Each year, millions of people skip the flu shot because they think they don’t need it. Despite CDC recommendations that everyone 6 months and older get an annual flu vaccine, more than half of all young adults miss their shot every year. 

A 2020 survey found that while people may forgo the flu vaccine because of time constraints or forgetfulness, many people avoid the shot due to misconceptions or inaccurate information. False information about flu vaccines is rampant, so here are some facts to counter the fiction.

Fact: The flu is a serious disease

Many people mistakenly think of the flu as akin to a bad cold. In reality, the flu is a serious, even deadly, disease that can land you in the hospital and cause severe health complications. 

Not only does the flu result in an average of 200,000 people hospitalized and 36,000 dead in the U.S. each year, but flu infections are also one of the most common causes of pneumonia and myocarditis, a condition causing inflammation of the heart muscles. And in the weeks after having the flu, you are six times more likely to have a heart attack. On top of that, having the flu with another viral infection, like COVID-19 or RSV, increases your risk of complications and death.

Fact: You can’t get the flu from the vaccine

Contrary to this myth, it’s impossible to get the flu from the vaccine because the flu shot doesn’t contain the live influenza virus, and the nasal spray vaccine contains a weakened form of the influenza virus that can’t make you sick. You may experience mild side effects like a headache or low fever after being vaccinated, which can be mistaken for flu symptoms. But real flu symptoms are much more severe and long-lasting.

Fact: You need the flu shot if you’ve never had the flu

Some people believe that if they haven’t had the flu in the past, it means their immune systems are better able to fight off the infection. Unfortunately, your immune system’s response to previous flu seasons does not predict how you’ll fare this flu season. 

Influenza viruses mutate quickly. The dominant strain changes every year, and since there isn’t a “universal” flu vaccine (yet), the vaccine needs to change, too.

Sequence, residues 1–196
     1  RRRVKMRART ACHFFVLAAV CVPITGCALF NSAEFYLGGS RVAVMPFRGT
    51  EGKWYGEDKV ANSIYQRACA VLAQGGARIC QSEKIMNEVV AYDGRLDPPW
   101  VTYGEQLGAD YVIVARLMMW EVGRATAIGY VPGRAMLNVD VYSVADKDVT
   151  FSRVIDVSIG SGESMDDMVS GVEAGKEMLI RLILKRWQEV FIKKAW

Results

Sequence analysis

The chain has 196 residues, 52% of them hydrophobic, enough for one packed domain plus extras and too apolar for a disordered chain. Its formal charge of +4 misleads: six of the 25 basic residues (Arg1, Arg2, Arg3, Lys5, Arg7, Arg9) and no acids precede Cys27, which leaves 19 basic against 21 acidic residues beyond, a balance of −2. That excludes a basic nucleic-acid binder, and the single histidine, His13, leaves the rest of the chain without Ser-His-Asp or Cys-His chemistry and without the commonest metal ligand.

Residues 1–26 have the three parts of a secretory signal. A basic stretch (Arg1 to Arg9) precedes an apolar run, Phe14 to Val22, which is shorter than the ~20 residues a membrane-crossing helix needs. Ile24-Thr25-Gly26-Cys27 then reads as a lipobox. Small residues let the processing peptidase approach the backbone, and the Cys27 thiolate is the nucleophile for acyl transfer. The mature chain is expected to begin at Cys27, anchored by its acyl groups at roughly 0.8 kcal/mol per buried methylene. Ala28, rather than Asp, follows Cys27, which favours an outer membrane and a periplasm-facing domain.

Fact: Flu shots work

It’s a common misconception that catching the flu after getting vaccinated means the vaccine doesn’t work. Actually, the flu vaccine trains your immune system to fight the influenza virus, reducing your risk of catching the flu by up to 60 percent. Because the vaccine primes your immune system to fight the flu, the length and severity of your illness will be dramatically reduced, along with your risk of complications. 

Fact: The flu shot is properly tested

One pervasive myth about the annual flu shot (and other updated vaccines) is that it isn’t tested in clinical trials. Because different influenza strains circulate each season, the vaccine must be adapted each year. 

The basic formula and ingredients stay the same—only the target changes, which doesn’t affect the vaccine’s safety. After getting a flu vaccine, you may experience minor side effects like a headache or sore arm, but serious side effects are extremely rare. 
The 2022-2023 flu season was the worst in over a decade, and experts predict this year may also be severe. Even if you’re perfectly healthy, you can’t know in advance how your body will respond to a flu infection. Don’t risk it this year. Protect yourself and those around you by getting a flu vaccine. You can find the nearest flu vaccine location at Vaccines.gov.